Title

Trade wars and the slump

Document Type

Journal article

Source Publication

European Review of Economic History

Publication Date

4-1-2007

Volume

11

Issue

1

First Page

73

Last Page

98

Abstract

Simulated optimum tariff policies to achieve plausible government targets show objective reasons for the failure of international trade cooperation during the Slump of 1929 to 1933. For the largest players, the US and UK, benefits from foreign cooperation were small or negative. France and Germany would have been the principal beneficiaries of international cooperative policies. Since cooperation on one issue, tariffs, was difficult, cooperation on many - through the cross-issue bargaining attempted at the 1933 London Conference- was well nigh impossible. Optimum coordination across policy instruments within one country, on the other hand, would have yielded high returns for policy. A corollary is that lack of internal coordination (poor domestic policies) was a more important cause of the Great Depression than failure to harmonise policies internationally.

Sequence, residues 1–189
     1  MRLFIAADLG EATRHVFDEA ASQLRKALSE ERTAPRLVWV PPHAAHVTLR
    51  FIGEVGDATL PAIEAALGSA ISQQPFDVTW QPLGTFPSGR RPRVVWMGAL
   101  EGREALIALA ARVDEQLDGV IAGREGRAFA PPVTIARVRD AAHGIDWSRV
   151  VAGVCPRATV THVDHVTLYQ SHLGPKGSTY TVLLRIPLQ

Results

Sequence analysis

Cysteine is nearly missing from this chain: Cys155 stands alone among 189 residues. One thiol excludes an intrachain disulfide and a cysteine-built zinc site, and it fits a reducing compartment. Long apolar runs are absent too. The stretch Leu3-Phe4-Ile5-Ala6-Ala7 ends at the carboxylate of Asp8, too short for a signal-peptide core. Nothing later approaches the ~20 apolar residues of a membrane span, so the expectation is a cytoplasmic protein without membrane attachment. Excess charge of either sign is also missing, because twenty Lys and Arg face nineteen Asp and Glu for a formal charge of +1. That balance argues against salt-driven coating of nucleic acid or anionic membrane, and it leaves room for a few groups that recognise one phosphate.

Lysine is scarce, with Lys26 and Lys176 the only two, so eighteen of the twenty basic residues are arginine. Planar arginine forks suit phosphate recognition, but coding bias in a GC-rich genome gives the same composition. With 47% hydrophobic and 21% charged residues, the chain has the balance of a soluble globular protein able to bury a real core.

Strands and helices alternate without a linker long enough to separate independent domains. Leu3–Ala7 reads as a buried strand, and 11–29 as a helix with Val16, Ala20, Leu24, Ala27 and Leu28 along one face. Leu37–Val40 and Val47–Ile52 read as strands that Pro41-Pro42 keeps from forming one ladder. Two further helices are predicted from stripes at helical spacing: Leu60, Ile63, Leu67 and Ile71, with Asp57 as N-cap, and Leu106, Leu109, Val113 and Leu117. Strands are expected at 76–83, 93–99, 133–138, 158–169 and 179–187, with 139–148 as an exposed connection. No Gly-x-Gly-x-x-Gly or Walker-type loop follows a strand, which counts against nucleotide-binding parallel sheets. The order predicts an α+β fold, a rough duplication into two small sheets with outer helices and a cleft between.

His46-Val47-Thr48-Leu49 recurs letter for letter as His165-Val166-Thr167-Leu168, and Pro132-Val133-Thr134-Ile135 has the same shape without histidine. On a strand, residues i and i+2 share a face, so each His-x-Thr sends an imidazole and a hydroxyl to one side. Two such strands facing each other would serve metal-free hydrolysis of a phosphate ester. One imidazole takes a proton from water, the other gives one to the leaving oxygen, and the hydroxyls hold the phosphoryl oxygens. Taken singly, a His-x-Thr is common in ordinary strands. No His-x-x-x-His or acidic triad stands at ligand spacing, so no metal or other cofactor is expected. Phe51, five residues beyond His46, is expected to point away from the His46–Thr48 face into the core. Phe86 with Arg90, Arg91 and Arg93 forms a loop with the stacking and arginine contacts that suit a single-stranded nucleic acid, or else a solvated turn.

DOI

10.1017/S1361491606001882

Print ISSN

13614916

Publisher Statement

Copyright © 2007 Cambridge University Press. Access to external full text or publisher's version may require subscription.

Full-text Version

Publisher’s Version

Language

English

Recommended Citation

Foreman-Peck, J., Hallett, A. H., & Ma, Y. (2007). Trade wars and the slump. European Review of Economic History, 11(1), 73-98. doi: 10.1017/S1361491606001882

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